Nazi meth was distributed to German soldiers and likely gave them the chemical boost needed to dominate their victims and the Allied forces until 1945. While the exact number of German troops forced or coerced to take meth in the line of duty will likely never be known, the numbers are almost certainly astounding based on evidence presented in this article. In fact, Nazi meth was so potent and so efficiently manufactured by the Germans that one of the most common versions of meth found on the streets today is called “Nazi Meth.”
When compared to Allied forces, Germany was significantly outmanned and outgunned. (1) However, for most of the first 5 years of WWII the Nazis trounced their enemies despite these deficiencies. One explanation for the seemingly superhuman power of the German army is that troops were regularly provided with a potent form of methamphetamine. In fact, German soldiers, sailors and airmen were doled out hundreds of millions of doses of meth during the war, including ten million doses that were delivered to troops after the rest of Europe had wisely outlawed the substance. (2)
Meth was used widely by the German war machine to help soldiers stay awake, remain alert, increase aggressiveness, lower inhibitions to risk and improve moral. Considering the conditions they were fighting in, it’s no wonder that troops readily adapted to meth use: by D-Day more than 1 in 3 German soldiers had been wounded and overall there was a 50% likelihood of an infantryman being killed or wounded. (1)
Unfortunately, German soldiers were susceptible to addiction to meth and a number of other drugs commonly in use during the war; especially opiates and alcohol. Soldiers were supplied with these substances by family members and friends when the war machine ran low, and when troops came home from battle they brought their addictions with them, rapidly spreading it to the civilian population.
However, it should be noted that Germany is not the only country who engaged in such practices. The United States, Japan, France and the United Kingdom all administered meth or very similar drugs to their troops. But it was the ingenuity of the Germans that has made the term Nazi Meth one that has endured from World War II all the way to today’s War on Drugs: clandestine meth labs in the US are at this very moment using methamphetamine manufacturing processes perfected by the Germans during the war.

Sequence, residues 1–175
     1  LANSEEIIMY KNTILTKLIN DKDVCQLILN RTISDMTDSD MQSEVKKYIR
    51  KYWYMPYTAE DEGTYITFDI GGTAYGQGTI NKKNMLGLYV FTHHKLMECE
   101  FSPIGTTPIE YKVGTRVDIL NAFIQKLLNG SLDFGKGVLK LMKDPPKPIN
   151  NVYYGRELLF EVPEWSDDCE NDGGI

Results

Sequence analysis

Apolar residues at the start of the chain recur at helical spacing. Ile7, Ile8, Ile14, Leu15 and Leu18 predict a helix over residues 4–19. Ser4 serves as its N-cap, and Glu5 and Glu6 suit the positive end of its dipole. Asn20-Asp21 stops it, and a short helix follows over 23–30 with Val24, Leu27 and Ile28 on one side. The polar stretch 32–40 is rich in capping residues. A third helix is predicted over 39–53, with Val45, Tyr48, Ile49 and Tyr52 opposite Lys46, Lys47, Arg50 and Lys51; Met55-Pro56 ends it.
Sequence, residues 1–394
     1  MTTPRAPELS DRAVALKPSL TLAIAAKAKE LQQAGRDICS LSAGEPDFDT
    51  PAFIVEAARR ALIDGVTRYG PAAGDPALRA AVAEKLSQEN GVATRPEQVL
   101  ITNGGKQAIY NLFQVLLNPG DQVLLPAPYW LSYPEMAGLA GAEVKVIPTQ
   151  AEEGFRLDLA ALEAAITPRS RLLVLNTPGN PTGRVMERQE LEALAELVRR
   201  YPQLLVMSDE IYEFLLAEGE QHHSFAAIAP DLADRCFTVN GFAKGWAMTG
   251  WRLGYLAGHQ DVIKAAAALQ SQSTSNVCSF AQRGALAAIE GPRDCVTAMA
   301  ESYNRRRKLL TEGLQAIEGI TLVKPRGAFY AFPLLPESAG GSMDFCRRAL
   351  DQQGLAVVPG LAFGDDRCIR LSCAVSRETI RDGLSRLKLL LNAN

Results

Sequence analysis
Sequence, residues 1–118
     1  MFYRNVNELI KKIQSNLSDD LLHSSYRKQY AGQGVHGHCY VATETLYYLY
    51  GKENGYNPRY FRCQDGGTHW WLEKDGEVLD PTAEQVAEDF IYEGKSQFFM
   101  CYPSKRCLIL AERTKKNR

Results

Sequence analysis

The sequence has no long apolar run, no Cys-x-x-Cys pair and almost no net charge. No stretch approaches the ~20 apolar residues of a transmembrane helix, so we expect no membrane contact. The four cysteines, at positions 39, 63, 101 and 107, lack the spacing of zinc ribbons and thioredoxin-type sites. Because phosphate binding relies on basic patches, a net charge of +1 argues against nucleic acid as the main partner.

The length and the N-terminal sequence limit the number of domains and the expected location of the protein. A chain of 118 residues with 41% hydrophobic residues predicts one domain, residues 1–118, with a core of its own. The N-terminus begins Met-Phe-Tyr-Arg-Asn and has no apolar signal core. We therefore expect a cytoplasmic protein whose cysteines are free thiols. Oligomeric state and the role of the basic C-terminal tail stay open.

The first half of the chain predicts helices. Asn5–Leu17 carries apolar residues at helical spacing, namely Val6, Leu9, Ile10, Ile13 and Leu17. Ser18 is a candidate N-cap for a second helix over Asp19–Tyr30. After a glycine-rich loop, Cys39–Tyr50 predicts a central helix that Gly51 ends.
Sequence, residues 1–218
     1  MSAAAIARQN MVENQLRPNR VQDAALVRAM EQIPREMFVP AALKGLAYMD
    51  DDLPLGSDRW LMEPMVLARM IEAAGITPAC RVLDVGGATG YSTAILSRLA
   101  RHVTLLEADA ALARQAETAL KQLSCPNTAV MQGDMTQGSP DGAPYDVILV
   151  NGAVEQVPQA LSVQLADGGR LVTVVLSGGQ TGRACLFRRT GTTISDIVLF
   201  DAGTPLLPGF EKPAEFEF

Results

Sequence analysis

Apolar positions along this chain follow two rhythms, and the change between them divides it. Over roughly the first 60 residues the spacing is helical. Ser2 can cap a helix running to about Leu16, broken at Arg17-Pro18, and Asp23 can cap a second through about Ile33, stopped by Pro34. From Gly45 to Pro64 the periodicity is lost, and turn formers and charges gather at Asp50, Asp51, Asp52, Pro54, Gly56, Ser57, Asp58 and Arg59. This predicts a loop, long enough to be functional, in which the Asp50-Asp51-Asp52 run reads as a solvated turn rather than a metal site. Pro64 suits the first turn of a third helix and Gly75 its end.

Modern Nazi Meth refers to a simplified manufacturing process that uses readily available chemicals and produces extremely potent crystal methamphetamine. However, the substances used in the production of Nazi meth are toxic and produce dangerous byproducts when they react. The primary ingredients used to make Nazi meth are cold medicines containing ephedrine or pseudoephedrine, lithium stripped from everyday batteries, gaseous ammonia and gasoline additives.
Keeping in mind that this is the same or similar method of manufacture used by German forces to produce meth that caused soldiers to become more aggressive, fearless and violent (3), it’s not surprising that Nazi meth today is also associated with violence (4). While Hitler often incarcerated, confined to institutions or executed soldiers who became addicted or behaved unfavorably while on meth or any other drug, today we often do the same as part of the War on Drugs.
This leads a person to conclude that Nazi Meth hasn’t changed much in the last 70 years: the process is the same, and so are the results.
(1) WWII Statistics Angel Fire http://www.angelfire.com/ct/ww2europe/stats.html Accessed 01/14/2013
(2) Ulrich, Andreas The Nazi Death Machine – Hitler’s Drugged Soldiers 05/06/2005 Spiegel Online International
Accessed 01/14/2013 http://www.spiegel.de/international/the-nazi-death-machine-hitler-s-drugged-soldiers-a-354606.html
(3) Lappin, Yaakov Nazi Speed Smuggled in Huge Amounts The Jerusalem Post 02/02/2012 Accessed 01/15/2013 http://www.jpost.com/Israel/Article.aspx?id=167542
(4) In the Face of Meth Montana University Accessed 01/15/2013 http://www.montana.edu/wwwai/imsd/rezmeth/intheface.htm